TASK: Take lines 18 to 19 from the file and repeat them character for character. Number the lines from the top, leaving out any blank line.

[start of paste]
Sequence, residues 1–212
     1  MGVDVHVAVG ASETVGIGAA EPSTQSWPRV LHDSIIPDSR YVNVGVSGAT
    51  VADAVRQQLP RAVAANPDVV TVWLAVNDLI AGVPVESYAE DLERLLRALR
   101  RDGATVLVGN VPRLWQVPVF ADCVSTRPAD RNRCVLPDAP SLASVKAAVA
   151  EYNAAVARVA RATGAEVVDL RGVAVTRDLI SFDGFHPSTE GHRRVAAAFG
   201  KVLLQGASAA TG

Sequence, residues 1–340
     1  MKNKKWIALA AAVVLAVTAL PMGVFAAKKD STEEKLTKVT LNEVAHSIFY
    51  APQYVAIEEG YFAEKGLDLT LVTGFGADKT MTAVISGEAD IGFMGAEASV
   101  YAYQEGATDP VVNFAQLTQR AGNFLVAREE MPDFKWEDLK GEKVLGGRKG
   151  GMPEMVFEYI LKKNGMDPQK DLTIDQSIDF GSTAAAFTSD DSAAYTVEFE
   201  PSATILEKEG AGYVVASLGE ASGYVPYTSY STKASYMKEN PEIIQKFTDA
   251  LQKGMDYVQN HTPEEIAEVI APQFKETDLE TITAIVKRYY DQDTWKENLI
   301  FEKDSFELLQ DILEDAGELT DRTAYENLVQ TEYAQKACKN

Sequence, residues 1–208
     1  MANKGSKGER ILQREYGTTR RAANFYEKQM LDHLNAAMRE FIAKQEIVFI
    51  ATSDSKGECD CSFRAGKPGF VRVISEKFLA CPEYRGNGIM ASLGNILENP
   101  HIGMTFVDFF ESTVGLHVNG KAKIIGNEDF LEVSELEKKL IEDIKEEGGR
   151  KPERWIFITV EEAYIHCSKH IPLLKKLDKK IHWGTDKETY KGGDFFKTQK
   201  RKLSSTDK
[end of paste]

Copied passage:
   101  HIGMTFVDFF ESTVGLHVNG KAKIIGNEDF LEVSELEKKL IEDIKEEGGR
   151  KPERWIFITV EEAYIHCSKH IPLLKKLDKK IHWGTDKETY KGGDFFKTQK